A new chapter is on the horizon – schools may be reopening.
Starting a new school year can be stressful at the best of times, let alone months into a global pandemic. Parents and teachers alike have many worries regarding safety, academic loss or gain, and how children will adjust to the new normal. It is important to note that the impact of this experience on children’s mental health will likely outweigh any potential educational gap, so when schools ultimately do return, children must be eased back into classrooms with plenty of connection, play, and emotional support built into the school day.
The CDC has released recommendations for schools to reopen with guidelines on social distancing, teachers and/or students wearing masks, temperature checks, decreased recess, physical barriers, and alternate schedules to reduce classroom sizes.
Some parents worry that school will look more like a prison than a learning environment when their children do return, which begs the question: How will COVID-19 impact the long term mental health of young children?
While schools are crucial for teaching academics, they play an equally essential role in supporting children’s social and emotional learning (SEL). Per decades of research, it is the development of these interpersonal skills that assist our children’s brain development for a lifetime of happiness and success. As parents and educators, it is more important than ever to recognize and value what SEL brings to children, not only in support of the stresses they may be facing currently but for the positive impact it is shown to have on children’s future health and wellbeing.
One long-time early childhood educator shares, “I can’t begin to imagine the stress and fear we will be instilling in our children in telling them they can’t get near others, play with their friends, work on projects together, or eat their lunches together.” This same educator, who has worked in a public school system for over ten years where more than 90% of students qualify for the subsidized lunch program, wants the policymakers in charge of reopening to remember that a large percentage of children returning to school this fall may have been negatively impacted by COVID-19 in a number of potentially traumatic ways:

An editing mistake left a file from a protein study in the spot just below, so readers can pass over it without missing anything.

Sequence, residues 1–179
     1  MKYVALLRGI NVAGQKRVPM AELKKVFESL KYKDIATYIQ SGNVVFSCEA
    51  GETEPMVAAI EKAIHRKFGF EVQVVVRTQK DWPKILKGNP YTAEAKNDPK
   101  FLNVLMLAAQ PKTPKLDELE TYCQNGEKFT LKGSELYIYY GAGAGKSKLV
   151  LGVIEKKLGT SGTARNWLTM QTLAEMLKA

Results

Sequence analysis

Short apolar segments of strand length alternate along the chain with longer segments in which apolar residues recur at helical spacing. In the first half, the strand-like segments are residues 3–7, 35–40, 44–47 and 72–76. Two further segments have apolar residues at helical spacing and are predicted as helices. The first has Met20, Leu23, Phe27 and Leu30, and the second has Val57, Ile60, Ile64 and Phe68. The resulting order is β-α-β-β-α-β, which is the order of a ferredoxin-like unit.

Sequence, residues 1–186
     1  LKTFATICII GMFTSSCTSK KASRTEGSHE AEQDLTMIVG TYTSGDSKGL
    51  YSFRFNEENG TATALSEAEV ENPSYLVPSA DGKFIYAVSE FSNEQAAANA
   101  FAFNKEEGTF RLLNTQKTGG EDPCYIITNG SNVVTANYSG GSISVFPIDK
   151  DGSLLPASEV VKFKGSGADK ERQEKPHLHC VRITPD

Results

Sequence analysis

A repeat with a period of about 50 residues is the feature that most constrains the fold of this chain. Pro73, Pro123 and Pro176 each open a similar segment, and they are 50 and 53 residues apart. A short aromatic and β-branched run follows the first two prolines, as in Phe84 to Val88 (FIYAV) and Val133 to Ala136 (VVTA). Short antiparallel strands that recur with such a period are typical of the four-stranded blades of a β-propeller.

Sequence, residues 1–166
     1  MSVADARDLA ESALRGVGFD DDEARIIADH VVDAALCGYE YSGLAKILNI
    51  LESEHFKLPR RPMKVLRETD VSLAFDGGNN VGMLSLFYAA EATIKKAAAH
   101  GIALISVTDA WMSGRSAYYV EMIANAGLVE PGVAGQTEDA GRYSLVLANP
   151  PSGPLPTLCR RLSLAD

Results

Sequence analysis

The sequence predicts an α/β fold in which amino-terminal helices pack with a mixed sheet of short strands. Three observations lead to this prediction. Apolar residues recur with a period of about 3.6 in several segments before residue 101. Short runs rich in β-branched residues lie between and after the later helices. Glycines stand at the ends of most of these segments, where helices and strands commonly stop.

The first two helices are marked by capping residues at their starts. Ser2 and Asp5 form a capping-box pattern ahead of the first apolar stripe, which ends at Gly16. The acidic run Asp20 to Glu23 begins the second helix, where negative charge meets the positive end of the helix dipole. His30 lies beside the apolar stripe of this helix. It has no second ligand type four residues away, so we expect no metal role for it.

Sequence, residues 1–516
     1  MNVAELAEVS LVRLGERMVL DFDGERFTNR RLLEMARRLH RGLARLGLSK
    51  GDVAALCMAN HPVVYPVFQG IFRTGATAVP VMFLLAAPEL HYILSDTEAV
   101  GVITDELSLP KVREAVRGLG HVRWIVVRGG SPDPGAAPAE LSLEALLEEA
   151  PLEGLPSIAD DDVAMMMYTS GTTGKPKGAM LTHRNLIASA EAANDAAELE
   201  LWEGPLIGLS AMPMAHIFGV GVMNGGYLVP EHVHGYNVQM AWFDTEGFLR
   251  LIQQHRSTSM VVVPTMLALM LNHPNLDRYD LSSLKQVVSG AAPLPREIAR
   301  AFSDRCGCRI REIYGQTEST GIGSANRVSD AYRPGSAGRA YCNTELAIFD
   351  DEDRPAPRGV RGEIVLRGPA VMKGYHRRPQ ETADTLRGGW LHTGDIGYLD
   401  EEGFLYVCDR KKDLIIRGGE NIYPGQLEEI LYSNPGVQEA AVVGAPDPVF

- Higher levels of parental stress and/or disrupted family routines.
- The passing of a loved one from the virus.
- Poverty due to parental job loss.
- Prolonged periods of not being able to see some family members.
- Not being able to visit playgrounds or enjoy playdates.
- And so many more…
“The COVID-19 pandemic certainly is an unusual, unexpected event that is causing many to worry and even panic,” says Adam D. Brown, PsyD, clinical assistant professor in the Department of Child and Adolescent Psychiatry at NYU Langone and member of its Child Study Center. “Our experience can vary greatly, based on not only different levels of exposure but also on what is going on around the child. We need to look at what specific emotional and behavioral reactions might indicate traumatic stress as the current stressors are ongoing,” Dr. Brown adds.
Children’s reactions following a traumatic event will vary depending on their age, developmental level, degree of social support, and coping skills, among other factors. Some of these include: